Make a Sight Word Book
Sight words are the work horses of the English language. They're words that appear frequently in print, but words that are either difficult to sound out, or don't follow the rules. New readers need to develop a “bank” of these sight words, so they can read them quickly, without having to pause to figure them out.
Want to give your kid a leg up with sight words? Put the flash cards away and pull out the construction paper! By creating his own book, your kindergartener can make something he'll be proud of, and get ten key sight words under his belt at the same time.
What You Need:
- Construction paper
- Crayons or markers
- Photographs or family and friends
- Glitter glue (for a glamorous edition!)
- Sight word list (see below)
What You Do:
- In this activity, you'll help your child create a book by asking questions, and then using his answers to create what teachers call "sentence frames." A sentence frame is just a sentence with a missing part— a fill-in-the-blank. For this book, you'll create a sentence frame for each page and then help your child fill in the blank with a word from the sight word list.
- When they're coming up with sight words for students, most teachers use a combination of something called the Dolch list (a list of 220 high-frequency words, prepared by E.W. Dolch in 1936) and Fry Instant Words, a more recently created list by E.B. Fry. Some of the words kindergarten teachers use include:
- For this activity, you'll create a book with ten pages. On each page you'll write a sentence frame centered around one of the words on this list, leaving a blank for your child to fill in the sight word. But since your child is the author of this book (not you!) he'll actually be creating the material for your text, by way of the questions you ask him. For example, if you wanted to use the sight word "I" you might ask your child, "Tell me three things you're good at." And if he told you he was good at soccer, singing, and riding a bike, you would take your first page of construction paper and write something like, "_____ am good at soccer, singing, and riding a bike." Then you'd help your child fill in the blank with the sight word "I".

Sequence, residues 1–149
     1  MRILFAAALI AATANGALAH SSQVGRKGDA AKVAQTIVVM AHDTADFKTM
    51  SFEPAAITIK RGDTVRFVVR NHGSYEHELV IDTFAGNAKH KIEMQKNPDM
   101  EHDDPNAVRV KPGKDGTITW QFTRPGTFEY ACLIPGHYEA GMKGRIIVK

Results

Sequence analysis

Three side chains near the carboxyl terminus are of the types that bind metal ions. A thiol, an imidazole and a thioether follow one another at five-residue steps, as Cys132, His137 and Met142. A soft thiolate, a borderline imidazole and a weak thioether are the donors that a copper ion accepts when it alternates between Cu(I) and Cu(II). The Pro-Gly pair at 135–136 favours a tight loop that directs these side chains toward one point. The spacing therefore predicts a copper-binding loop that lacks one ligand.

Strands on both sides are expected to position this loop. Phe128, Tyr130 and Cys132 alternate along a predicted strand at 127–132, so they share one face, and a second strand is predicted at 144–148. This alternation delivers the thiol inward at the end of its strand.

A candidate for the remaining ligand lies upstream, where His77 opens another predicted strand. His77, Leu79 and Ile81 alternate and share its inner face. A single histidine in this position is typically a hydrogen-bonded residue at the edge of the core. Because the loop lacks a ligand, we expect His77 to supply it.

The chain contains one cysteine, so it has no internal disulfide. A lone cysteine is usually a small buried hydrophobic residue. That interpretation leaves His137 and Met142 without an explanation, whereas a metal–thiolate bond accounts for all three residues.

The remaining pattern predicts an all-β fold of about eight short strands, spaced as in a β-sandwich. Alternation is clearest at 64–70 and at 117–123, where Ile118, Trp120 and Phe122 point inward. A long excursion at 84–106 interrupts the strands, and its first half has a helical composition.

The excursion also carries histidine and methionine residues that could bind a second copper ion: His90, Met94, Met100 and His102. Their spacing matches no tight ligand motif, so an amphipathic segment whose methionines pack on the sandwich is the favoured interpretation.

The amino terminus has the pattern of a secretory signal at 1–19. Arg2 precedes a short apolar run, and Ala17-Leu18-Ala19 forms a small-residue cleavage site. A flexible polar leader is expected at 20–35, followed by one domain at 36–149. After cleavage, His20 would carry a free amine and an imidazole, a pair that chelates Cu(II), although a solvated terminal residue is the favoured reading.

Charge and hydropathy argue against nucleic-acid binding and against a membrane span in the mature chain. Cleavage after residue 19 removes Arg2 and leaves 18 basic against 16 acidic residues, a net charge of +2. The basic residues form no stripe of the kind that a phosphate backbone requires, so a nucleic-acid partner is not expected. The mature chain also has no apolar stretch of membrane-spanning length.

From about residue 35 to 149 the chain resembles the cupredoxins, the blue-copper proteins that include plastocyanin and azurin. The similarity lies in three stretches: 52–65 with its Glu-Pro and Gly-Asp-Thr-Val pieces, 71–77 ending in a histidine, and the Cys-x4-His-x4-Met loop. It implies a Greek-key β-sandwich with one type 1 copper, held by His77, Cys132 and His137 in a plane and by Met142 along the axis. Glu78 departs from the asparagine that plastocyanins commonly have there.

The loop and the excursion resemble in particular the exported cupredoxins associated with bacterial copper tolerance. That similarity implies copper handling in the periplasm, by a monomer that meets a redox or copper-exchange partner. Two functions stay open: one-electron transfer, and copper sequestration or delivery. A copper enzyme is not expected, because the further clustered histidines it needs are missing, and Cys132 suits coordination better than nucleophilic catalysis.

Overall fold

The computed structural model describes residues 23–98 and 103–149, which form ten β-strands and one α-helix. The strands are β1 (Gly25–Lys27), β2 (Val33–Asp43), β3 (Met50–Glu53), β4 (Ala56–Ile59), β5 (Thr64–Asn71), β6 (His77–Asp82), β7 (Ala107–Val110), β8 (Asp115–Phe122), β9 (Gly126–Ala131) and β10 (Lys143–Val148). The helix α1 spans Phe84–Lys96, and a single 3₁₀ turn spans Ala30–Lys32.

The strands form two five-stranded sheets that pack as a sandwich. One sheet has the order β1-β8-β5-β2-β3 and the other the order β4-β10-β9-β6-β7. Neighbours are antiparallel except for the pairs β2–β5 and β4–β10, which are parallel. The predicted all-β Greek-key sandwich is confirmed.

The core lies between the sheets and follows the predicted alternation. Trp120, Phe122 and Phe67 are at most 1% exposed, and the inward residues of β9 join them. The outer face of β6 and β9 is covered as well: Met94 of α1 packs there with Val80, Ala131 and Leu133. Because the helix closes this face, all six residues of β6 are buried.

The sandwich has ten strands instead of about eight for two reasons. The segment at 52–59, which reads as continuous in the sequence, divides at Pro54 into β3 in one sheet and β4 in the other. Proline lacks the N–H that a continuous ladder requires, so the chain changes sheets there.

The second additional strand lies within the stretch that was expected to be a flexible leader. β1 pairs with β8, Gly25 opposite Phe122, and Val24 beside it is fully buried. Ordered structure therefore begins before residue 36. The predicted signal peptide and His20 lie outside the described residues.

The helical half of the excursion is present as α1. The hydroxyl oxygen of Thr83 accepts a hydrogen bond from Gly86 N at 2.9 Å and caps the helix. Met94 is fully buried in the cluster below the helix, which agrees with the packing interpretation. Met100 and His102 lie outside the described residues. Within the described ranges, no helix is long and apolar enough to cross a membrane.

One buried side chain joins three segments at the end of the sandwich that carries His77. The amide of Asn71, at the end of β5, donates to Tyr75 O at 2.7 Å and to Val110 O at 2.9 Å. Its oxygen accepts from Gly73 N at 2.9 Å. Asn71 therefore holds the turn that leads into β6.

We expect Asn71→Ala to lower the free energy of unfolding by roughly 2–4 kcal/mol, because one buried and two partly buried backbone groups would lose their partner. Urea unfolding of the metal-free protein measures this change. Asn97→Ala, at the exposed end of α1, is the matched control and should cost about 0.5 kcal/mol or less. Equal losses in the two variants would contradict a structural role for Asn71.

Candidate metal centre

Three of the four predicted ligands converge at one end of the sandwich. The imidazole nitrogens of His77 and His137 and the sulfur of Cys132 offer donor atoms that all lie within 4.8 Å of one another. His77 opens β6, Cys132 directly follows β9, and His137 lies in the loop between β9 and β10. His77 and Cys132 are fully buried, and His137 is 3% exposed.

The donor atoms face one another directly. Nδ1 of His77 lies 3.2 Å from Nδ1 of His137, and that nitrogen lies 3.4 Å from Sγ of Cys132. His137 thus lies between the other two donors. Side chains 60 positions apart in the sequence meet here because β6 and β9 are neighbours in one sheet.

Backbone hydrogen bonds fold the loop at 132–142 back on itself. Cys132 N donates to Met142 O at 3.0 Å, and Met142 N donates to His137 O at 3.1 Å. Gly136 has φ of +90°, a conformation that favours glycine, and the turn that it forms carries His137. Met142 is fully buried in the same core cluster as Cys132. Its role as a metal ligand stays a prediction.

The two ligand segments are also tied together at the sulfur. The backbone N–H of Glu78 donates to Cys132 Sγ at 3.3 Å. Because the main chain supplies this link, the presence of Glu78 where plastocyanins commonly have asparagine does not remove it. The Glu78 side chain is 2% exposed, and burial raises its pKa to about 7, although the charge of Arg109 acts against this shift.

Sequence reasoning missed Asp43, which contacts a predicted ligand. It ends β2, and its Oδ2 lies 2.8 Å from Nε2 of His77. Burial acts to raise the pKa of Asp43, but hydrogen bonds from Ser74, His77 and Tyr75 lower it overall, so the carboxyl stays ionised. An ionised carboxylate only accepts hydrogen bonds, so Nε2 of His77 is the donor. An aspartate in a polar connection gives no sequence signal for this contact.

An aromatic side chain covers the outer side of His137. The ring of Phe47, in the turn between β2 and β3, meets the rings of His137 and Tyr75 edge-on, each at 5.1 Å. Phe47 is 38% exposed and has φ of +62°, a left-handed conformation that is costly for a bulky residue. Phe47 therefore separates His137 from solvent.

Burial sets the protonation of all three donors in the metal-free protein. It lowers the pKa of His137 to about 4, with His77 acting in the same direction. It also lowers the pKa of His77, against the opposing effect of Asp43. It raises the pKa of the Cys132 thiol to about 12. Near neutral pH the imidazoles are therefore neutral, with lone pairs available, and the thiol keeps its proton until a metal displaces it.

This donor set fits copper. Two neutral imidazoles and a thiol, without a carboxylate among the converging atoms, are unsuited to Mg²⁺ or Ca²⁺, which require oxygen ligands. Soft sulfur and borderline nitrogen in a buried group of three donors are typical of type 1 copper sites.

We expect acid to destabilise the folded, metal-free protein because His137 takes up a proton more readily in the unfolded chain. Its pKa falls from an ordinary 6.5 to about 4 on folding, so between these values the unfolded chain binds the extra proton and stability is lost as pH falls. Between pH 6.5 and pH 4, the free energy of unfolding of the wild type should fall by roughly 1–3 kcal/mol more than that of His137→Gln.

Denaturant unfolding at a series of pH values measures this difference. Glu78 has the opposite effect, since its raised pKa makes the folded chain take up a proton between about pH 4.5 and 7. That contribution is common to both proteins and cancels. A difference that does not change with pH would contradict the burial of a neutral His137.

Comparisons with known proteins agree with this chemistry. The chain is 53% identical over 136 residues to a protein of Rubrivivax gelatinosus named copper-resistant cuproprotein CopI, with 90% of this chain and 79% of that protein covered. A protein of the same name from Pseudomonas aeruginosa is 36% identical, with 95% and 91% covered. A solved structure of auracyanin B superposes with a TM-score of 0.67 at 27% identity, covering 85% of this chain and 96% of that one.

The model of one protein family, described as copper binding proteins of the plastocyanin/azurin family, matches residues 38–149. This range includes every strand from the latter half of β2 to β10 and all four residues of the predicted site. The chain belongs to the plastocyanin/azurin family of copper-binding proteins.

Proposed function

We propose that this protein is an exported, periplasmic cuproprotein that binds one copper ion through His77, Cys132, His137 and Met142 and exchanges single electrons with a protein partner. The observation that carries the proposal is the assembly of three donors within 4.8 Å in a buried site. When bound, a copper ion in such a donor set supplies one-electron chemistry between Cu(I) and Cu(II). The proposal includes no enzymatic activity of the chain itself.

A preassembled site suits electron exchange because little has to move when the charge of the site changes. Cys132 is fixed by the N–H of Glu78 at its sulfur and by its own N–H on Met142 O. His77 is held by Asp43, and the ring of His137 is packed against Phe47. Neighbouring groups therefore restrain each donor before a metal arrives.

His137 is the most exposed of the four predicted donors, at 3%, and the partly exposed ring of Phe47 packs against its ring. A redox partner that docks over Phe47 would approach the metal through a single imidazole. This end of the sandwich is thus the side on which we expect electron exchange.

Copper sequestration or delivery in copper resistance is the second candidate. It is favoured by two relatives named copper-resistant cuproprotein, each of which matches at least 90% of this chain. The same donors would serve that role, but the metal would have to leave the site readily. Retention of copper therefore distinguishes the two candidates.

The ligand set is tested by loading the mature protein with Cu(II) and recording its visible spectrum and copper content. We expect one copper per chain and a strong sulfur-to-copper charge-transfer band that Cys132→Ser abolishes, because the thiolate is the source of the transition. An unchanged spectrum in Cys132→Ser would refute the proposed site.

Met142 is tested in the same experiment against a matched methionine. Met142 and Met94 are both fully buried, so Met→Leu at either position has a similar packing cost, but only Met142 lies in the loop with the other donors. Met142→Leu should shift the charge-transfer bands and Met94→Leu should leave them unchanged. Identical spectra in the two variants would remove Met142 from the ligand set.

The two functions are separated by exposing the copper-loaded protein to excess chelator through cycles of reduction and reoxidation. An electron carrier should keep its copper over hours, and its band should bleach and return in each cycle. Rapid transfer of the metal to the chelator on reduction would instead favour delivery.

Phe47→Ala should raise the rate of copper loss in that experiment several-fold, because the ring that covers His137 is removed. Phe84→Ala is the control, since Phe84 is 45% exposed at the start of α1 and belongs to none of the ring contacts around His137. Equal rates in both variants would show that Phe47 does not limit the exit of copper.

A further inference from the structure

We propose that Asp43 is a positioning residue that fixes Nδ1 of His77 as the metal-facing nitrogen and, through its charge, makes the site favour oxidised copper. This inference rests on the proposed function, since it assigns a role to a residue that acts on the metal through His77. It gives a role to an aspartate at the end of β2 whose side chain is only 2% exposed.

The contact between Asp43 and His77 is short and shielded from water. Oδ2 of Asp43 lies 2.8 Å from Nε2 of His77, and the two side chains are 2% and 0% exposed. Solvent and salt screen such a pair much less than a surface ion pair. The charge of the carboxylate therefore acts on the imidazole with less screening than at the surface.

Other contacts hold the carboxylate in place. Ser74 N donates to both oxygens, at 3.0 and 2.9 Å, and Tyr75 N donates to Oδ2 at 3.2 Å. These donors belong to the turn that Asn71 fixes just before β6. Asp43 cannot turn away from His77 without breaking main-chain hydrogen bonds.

- Repeat this process for each of the ten pages, using a sight word from the list as inspiration, and then creating a sentence for your child to complete. Giving him a colorful marker to use for the sight word (a different color than the one you use to write the rest of the text) will help it stand out when you read together later.
- After you've finished the text and your child has filled in the blanks, it's time for the illustrations! Give your child the markers, glitter, and photos, and put him to work creating the pictures for his book. Don't forget to make a cover, with the author's name prominently displayed. When it's all finished, bind it with staples or with punched holes and string.
- Stuck on the types of questions to ask, and the type of text to use in the book? Here are ten examples of possible questions, sample kid answers, and the resulting sentence frame.
When the book is complete, look at it together, pointing to each word as you read. Eventually, your child can take over the job of tracking the words, as he learns to read the book himself. Be sure to keep it simple and don’t over complicate the sentence frames. The repetition of seeing the sight words in print is what will make it stick. And once he's mastered the sight words, reading other words won't be far behind!